One can make a decent argument that the financial crisis has bottomed out in the advanced countries (with the real-economy consequences still to come of course). But it is barely starting in the emerging markets, and it could get much, much worse.
Some of these economies are hurt by (now) declining commodity prices; others by large existing current account deficits; and if you do not have a problem on either account, you are (like China) dependent on export markets in the advanced countries that are about to dry up. These fundamentals are greatly magnified by risk assessments in financial markets. Now that advanced countries have bailed out and guaranteed vast portions of their financial systems, there is a much greater demarcation between "safe" and "risky" assets, with emerging markets in the second category. The flight to safety is already taking a huge toll on them. And the worst is likely to come when domestic residents join en masse in the capital flight.
All of this means that governments in these economies will be under pressure to mimic the public guarantees and bailouts that we have seen in the U.S. and the EU. But there is a big difference. Emerging markets for the most part have weak and fragile fiscal systems, and the magnitude of the potential run is huge relative even to the large mountains of reserves that many of them have built up. Socialization of private liabilities may enhance confidence in the rich countries; it will likely magnify the run in emerging markets. So we are talking about economic collapses that could be significantly bigger than what the rich countries will experience. And this time developing countries can legitimately say: it wasn't our fault!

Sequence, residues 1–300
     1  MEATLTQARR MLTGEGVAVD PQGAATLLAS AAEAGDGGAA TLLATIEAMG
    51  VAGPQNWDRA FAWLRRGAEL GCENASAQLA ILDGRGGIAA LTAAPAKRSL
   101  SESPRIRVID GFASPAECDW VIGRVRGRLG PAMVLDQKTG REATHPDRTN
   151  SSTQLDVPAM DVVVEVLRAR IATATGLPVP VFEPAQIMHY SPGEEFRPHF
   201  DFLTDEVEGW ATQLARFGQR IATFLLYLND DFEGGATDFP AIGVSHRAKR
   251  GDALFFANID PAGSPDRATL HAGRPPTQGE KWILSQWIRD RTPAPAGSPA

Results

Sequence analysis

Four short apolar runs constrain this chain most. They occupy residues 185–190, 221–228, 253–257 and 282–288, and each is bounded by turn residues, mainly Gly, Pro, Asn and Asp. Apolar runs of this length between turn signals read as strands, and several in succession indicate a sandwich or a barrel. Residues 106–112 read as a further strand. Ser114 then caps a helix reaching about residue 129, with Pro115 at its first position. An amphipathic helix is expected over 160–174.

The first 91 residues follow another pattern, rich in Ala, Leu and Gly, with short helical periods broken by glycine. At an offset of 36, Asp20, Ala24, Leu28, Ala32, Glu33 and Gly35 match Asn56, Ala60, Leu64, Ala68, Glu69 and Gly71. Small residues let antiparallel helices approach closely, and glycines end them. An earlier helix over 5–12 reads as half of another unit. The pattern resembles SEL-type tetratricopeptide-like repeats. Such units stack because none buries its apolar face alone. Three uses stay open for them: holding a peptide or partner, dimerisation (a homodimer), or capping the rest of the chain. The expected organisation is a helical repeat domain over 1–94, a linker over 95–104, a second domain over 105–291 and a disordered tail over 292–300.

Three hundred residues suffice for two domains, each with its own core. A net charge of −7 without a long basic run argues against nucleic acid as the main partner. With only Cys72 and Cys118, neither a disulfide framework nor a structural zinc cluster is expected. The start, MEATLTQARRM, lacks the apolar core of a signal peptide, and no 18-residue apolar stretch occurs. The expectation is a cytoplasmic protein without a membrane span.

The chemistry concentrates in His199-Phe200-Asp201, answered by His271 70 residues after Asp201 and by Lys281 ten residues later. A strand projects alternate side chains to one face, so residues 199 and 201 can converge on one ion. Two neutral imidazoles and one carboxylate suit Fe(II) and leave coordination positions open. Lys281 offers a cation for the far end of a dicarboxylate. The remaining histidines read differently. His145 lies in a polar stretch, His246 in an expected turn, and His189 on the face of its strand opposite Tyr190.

Which is why external support is absolutely necessary. This is the time, if there was any, for the IMF to act as a true global lender of last resort--massively, and without many preconditions. Credit lines should open up to emerging markets before panic gets worse. The most that the IMF has lent in any one year in previous crises is in the tens of billion dollars. What will be required now is more of the order of hundreds of billion dollars. The IMF has the resources; if need be, it can issue new SDRs.
Up to now governments have been behind the curve. Let's not repeat this experience in the next phase of the crisis, which is now unfolding in the developing world.
UPDATE: There are encouraging signs that the IMF may be willing to play a role along the lines sketched out above.